Interactive

MaxMSP Work

Electrica: Creating Convergence is a gallery show (Feb 24, 2011 – March 26, 2011) at the Instituto Cervantes in New York City that Milena worked on as interaction designer. Alongside artists Ryan V Brennan and Mar Gomez, she designed the interaction scheme for a teeter totter that would act as a video controller, based on where it was in space. The video displayed two sides of a conversation and in order to hear and see both sides, two users had to be in balance. To execute the interaction, she used an accelerometer, an arduino microcontroller, a custom made MaxMSP patch which was routed out to a video splitter and to two large flat screens. Here are some photos of the piece. Video documentation coming soon.


Projected Affection is a storefront interactive window display by Emily Ryan for AC Gears on 8th Street in New York City. Milena worked with Emily on the coding and video mapping for the display. Using computer vision and face detection as a trigger, the passerby on the street can look at the display and suddenly see an image of their own face projected on to the mannequin head. You can see the outcome of the project in the video below.

Projected Affection for AC Gears from Emily Ryan on Vimeo.


Jilted is a virtual rock band, controlled by the lead performer in real time. Learn more about it here.

Take a look at the foot controller, which uses hardware, arduino and a custom MaxMSP program to trigger changes in video, audio, color, speed, and song.

The Human Slot Machine is an interactive music video project, which deals with prejudice, genetics, and facial identity, letting the user select a face out of many pairs of eyes, noses, and mouths which all align in sync with a clip of a song. In essence, the user is able to construct a new type of face, while creating a new kind of music video, which unfolds in the order of their choosing, eliminating song structure.

The “Cryptic” Human Slot Machine from Milena Selkirk on Vimeo.

Processing/Java

Mouse-fuelled Morphing Animation. Created with Processing. The speed of the animation speeds up or slows down based on the location of the mouse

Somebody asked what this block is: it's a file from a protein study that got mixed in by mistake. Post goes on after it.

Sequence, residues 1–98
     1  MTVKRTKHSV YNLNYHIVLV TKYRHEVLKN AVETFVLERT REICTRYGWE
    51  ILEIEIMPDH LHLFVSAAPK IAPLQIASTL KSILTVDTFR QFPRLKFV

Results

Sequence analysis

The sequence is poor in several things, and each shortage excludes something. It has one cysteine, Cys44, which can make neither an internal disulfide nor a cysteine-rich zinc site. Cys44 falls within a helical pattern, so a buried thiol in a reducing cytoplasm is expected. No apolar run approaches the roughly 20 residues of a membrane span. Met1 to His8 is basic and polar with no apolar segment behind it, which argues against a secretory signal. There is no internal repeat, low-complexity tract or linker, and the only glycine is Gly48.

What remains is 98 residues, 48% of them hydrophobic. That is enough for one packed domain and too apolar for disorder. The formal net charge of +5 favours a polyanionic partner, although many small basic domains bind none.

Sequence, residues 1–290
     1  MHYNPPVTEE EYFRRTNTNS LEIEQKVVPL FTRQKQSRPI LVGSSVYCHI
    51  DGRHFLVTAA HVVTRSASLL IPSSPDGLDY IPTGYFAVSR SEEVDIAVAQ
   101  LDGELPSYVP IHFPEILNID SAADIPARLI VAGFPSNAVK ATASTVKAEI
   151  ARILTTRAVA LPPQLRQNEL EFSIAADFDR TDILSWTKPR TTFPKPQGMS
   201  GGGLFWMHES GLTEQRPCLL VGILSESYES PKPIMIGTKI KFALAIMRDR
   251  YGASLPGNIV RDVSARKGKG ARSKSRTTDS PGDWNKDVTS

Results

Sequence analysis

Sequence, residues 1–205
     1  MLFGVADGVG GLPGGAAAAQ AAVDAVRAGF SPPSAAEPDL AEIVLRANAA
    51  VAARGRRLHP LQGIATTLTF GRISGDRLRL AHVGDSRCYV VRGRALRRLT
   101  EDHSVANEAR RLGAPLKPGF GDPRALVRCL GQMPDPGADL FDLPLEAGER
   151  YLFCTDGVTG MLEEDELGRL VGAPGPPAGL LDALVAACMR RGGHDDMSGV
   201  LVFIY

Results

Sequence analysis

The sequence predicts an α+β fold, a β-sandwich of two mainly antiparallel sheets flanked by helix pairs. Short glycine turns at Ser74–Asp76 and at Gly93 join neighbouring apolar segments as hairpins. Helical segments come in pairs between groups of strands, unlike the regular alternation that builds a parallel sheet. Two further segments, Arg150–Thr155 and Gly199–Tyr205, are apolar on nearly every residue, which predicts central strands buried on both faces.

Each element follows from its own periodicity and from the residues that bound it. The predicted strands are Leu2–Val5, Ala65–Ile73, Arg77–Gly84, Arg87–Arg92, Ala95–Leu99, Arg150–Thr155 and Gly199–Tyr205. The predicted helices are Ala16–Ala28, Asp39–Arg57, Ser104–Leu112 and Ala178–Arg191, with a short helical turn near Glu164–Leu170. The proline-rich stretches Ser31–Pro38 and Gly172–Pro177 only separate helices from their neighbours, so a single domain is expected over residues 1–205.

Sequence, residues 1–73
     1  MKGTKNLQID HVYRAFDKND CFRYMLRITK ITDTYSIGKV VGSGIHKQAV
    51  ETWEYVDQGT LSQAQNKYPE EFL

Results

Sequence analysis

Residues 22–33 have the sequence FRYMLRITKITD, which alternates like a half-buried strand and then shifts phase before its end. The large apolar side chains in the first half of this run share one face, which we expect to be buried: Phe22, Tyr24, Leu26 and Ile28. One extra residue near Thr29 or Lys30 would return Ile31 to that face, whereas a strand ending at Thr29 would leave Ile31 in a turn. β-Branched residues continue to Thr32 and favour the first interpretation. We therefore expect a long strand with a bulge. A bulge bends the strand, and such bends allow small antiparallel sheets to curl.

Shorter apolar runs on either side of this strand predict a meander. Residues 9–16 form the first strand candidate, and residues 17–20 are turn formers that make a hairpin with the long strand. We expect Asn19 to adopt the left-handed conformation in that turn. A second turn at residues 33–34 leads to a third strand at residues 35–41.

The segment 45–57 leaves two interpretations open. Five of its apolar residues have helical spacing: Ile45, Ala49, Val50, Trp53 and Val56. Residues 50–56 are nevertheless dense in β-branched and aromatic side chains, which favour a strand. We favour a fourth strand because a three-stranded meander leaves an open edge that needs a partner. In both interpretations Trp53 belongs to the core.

The Human Petting Zoo An Interactive Morphing Photobooth

The Human Petting Zoo was the next step for me, after making the Morphing Animation (above). I wanted to create a live image capture that would combine a human face with that of an animal. My first step was to play around with how I would capture the human face. After I got processing to take live images, I started experimenting with how I would fuse this with animal images.  As I proceeded, I noticed that there were problems in stablizing each person’s face in terms of movement and distance from the camera. I realized that I needed to build a device which would line up each person’s face (more specifically their eyes, nose and mouth) in the same place every time. I made this head hole out of card stock, metal, cloth and fur. If the user sticks his/her head through the hole a set distance away from the computer screen, I’d get the right proportions.

Then I worked on code to make Processing select an animal image pulled from an array. After the image is selected, the participant places their face in the hole, and clicks the mouse to capture the morphed image. Once a picture is taken, the mouse advances to another random animal image. I also wanted the program to save the image in a folder, so that participants can keep their animal pictures.

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